Bank of Japan upbeat before sales tax rise
The Bank of Japan kept monetary policy steady and maintained its upbeat inflation forecasts, suggesting no imminent monetary easing is on the horizon as the country's economic recovery broadens.
The weak yen, which inflates import costs, has helped Japan pass the halfway mark toward its 2 per cent inflation target with prices in November up 1.2 per cent from a year before.
While market suspicion on whether inflation will accelerate further runs deep, recent price gains and signs of economic strength have made central bankers more certain Japan is on track to meet their price target.
The bank, which announced a huge stimulus in early 2013, prefers not to ease again unless evidence emerges that a sales tax rise planned for April causes far more damage than expected.
As widely expected, the central bank maintained its commitment of increasing base money at an annual pace of 60 trillion (HK$4.4 trillion) to 70 trillion yen via aggressive asset purchases.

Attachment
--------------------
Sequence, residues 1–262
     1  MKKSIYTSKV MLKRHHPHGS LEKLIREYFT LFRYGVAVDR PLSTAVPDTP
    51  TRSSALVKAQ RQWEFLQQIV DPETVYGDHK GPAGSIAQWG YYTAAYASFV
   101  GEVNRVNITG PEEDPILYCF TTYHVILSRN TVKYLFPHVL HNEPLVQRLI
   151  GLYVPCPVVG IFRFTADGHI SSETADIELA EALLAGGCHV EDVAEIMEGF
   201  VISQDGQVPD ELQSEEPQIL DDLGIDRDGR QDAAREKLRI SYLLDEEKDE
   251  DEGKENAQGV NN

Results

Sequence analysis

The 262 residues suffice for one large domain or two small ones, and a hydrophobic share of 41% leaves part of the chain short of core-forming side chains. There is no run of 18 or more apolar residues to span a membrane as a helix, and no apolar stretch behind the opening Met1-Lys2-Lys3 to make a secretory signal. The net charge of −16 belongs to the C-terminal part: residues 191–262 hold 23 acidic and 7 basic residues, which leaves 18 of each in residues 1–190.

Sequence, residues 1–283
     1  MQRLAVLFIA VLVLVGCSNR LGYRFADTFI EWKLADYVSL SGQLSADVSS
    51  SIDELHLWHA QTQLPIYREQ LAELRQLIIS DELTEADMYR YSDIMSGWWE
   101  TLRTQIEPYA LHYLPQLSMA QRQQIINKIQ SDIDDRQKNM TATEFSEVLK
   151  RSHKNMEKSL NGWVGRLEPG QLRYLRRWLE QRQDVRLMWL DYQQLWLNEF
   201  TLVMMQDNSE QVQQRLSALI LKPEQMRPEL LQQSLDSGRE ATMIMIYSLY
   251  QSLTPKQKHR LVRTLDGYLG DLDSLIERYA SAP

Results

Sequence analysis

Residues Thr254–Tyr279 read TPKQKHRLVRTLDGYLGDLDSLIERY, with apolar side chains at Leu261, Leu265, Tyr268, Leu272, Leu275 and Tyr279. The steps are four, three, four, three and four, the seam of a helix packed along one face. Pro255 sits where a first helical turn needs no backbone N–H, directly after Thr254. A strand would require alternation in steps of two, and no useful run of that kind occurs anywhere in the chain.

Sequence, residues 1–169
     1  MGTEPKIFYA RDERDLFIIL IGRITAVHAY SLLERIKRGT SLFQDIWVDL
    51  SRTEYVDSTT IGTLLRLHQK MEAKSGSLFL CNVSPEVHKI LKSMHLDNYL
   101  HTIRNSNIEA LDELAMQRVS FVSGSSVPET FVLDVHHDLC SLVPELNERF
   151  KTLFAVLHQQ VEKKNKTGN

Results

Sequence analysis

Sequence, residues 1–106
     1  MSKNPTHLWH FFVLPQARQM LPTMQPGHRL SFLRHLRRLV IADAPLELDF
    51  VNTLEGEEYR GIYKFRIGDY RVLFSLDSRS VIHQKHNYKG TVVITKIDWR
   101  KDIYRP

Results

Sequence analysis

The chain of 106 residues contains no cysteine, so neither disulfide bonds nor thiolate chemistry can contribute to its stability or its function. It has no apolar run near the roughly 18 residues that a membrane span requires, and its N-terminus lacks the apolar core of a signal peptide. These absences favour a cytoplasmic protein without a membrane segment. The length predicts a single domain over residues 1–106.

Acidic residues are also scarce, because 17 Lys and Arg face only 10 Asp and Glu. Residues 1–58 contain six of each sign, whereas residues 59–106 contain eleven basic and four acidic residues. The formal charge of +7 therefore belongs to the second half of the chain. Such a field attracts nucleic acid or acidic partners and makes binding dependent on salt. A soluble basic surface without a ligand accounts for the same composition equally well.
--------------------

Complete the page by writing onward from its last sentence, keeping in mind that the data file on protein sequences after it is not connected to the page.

In a quarterly review the bank maintained its forecast that core consumer inflation will hit 1.3 per cent in the fiscal year beginning in April and accelerate to 1.9 per cent the following year.
"Japan's economy is continuing to recover moderately with consumers recently front-loading spending ahead of the sales tax hike," the central bank said.
Board member Sayuri Shirai made a rare dissent to part of the bank's economic assessment, saying that the slow pace of improvement in job and income conditions must be added as risks to the outlook.
The economy is likely to boom until March as consumers rush to beat the sales tax rise, and many analysts take the bank's view that the pain from the higher tax will be temporary.
But some fret the tax rise may hit consumption harder than expected. Others doubt consumer inflation will accelerate much from here, as prices will soon lose support from the weak yen.
Governor Haruhiko Kuroda has repeatedly said the bank will act "without hesitation" if such risks threaten the achievement of its price target.
"The effect from the weak yen will gradually wane after spring, slowing the pace of consumer price rises," said Yuichi Kodama, chief economist at Meiji Yasuda Life Insurance. "It's obvious the economy will slow after the sales tax hike."